The Debit Side of the Clarion-Ledger

Love’s Columns’ Labor’s Lost?

By Ben S. Pollock
NSNC Director of Online Media

What’s the value of a columnist writing for no pay for a city’s newspaper (rather, its website), which it terms “a labor of love”? It turns out to be a trick question, or at least with no easy answer.

Clarion-Ledger, Jackson, Miss.A highlight of serving on the columnists board has been our email conversations. A good subject will produce insights but also wit. So why not share it with the world on occasion?

This week, Vice President Eric Heyl shared a post with the board from the insider Gannett Blog, “Jackson, Miss.: Here’s a Job That Money Won’t Buy; Reader Calls It a Deal ‘Only Gannett Could Dream Up.'” The blog quoted the daily’s original article, “ClarionLedger.com Seeking Columnists” :

ClarionLedger.com is looking for Mississippi’s next great columnist. Those with an interest should know from the start, however, that the position is a labor of love.”

Gannett Blog, and Heyl, emphasized that the company was seeking free work, such columnists would not be paid. Heyl guessed the management mindset: “Because any average Joe off the street can do this, I suppose.”

“That seems like something we’d want to discourage,” wrote at-large board member Brian O’Connor, “unless folks are doing it for a specific future gain, like a guest column to promote a book. I don’t see why we would have a problem with saying you get what you pay for.”

Huffington Post was seen as the archetype of pro bono copy wrangling, but at least its prominence gives a writer decent exposure to help promote other endeavors, such as books, major articles or broadcast appearances.

Outgoing web editor Sheila Moss noted how many Gannett newspapers are moving behind “pay walls,” that is, Internet access only by paid subscription. Enlisting unpaid journalism then is another money-saving move.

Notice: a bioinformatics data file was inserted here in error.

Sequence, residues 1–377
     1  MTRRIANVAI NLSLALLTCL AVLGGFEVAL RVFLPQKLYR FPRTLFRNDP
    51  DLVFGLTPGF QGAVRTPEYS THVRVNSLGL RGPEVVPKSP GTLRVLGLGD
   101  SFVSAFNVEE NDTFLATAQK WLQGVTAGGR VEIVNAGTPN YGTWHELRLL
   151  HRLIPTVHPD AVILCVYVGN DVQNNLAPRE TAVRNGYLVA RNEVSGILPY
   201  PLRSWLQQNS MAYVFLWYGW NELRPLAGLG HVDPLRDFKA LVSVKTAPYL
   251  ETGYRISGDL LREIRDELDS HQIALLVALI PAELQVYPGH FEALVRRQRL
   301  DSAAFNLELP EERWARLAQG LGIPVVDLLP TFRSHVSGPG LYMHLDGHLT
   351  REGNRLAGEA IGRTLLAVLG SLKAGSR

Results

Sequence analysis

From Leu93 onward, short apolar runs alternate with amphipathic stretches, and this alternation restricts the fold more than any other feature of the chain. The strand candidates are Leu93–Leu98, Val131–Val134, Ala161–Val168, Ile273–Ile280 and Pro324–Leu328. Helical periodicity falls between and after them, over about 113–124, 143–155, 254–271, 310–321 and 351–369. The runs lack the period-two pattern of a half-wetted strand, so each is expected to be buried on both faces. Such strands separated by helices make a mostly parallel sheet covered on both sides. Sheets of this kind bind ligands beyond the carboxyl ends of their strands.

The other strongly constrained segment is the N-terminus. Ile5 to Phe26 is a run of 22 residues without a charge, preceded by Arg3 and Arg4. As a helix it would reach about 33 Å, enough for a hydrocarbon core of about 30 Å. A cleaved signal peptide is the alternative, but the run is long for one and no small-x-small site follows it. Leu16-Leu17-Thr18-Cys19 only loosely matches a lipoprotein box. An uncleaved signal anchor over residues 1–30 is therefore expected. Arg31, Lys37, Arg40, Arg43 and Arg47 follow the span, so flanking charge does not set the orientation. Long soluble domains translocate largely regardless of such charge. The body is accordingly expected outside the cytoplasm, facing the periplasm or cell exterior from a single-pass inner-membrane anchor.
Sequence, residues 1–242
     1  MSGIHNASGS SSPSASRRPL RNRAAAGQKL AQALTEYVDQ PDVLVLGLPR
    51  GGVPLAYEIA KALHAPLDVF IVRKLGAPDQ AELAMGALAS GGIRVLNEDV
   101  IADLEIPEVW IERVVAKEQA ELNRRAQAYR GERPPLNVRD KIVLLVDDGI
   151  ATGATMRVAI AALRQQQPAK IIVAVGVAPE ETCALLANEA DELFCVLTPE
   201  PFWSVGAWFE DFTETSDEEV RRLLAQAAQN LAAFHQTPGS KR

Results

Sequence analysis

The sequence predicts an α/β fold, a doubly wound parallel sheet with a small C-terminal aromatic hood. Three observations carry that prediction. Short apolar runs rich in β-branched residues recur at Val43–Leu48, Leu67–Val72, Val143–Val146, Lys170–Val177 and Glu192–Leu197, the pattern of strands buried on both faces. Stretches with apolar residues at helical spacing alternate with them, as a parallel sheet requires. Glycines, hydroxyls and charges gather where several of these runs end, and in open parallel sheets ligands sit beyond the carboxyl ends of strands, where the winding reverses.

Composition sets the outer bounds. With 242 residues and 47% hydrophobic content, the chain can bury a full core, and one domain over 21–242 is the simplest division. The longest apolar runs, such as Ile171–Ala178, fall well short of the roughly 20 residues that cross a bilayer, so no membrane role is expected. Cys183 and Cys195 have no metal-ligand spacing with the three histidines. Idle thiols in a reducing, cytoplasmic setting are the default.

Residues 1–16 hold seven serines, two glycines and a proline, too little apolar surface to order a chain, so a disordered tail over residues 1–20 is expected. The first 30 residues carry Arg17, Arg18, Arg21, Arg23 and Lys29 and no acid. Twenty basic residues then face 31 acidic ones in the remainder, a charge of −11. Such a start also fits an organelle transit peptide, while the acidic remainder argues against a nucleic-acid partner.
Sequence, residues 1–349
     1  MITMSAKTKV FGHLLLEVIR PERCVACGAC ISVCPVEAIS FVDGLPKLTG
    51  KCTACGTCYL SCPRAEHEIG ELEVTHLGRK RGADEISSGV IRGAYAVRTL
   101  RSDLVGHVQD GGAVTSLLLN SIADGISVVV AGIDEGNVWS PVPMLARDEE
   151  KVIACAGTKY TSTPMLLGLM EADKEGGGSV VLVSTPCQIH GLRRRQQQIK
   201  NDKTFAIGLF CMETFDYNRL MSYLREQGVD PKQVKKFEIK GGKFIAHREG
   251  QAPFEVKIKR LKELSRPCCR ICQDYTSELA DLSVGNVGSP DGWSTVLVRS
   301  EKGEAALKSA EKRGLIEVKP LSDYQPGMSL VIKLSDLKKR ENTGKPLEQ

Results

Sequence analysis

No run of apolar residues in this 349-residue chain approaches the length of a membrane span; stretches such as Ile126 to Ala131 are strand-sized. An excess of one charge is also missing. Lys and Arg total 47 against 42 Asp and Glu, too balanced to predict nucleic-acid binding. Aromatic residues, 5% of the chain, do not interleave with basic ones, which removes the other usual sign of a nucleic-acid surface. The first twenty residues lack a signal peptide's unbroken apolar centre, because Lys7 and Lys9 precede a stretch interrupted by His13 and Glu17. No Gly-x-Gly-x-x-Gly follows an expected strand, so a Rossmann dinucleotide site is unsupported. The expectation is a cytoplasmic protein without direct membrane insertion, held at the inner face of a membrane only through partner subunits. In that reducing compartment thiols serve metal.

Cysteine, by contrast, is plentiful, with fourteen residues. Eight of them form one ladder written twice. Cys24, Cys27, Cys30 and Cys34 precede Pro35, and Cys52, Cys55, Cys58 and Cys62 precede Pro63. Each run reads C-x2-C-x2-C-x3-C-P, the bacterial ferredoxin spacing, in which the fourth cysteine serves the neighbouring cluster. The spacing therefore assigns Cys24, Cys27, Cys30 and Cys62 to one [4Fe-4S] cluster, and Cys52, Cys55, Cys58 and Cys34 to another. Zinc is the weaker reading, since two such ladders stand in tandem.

“The main problem is we have many TV news channels in a large media market like Nashville,” Moss wrote. “They have websites with instant news coverage better than The Tennessean, and it is free as the breeze.”

Officers considered forming a consensus statement then finding a prominent rooftop from which to shout it. The consensus fizzled because this is more gray than black-and-white.

“I fear any statement we would issue would be seen by some as self-serving from guys and gals trying to protect their own paychecks,” Treasurer Jim Casto wrote.

As new President Larry Cohen wrote, “I suspect in six months, we’ll find that 10 percent of our members are writing somewhere for ‘free.'”

I wondered about the impact on the Jackson paper’s staff. This proposal might collapse soon after it’s attempted.

“Consider the obverse: The editors — the ones who will actually have to run this operation — probably dread it. They’re are going to have to deal with would-be columnists who’ll blow length requirements and deadlines then falter after two or five pieces.

“There’s more to being a columnist than being a ‘perfect hobby for someone who cares deeply about the state and its people and who also has a passion for writing,'” as the Jackson article read, I wrote. “You need chops, legs, stamina, the fight to craft a piece when the ink cartridge seems dry, to be a columnist.”

That’s where the National Society of Newspaper Columnists comes in, educating scribes on how to improve in the year-in year-out, ink-or-pixel craft-profession-art.

Otherwise, the nation would have a thriving Society of Letter to the Editor Writers, yet SLEW doesn’t show up on the Google.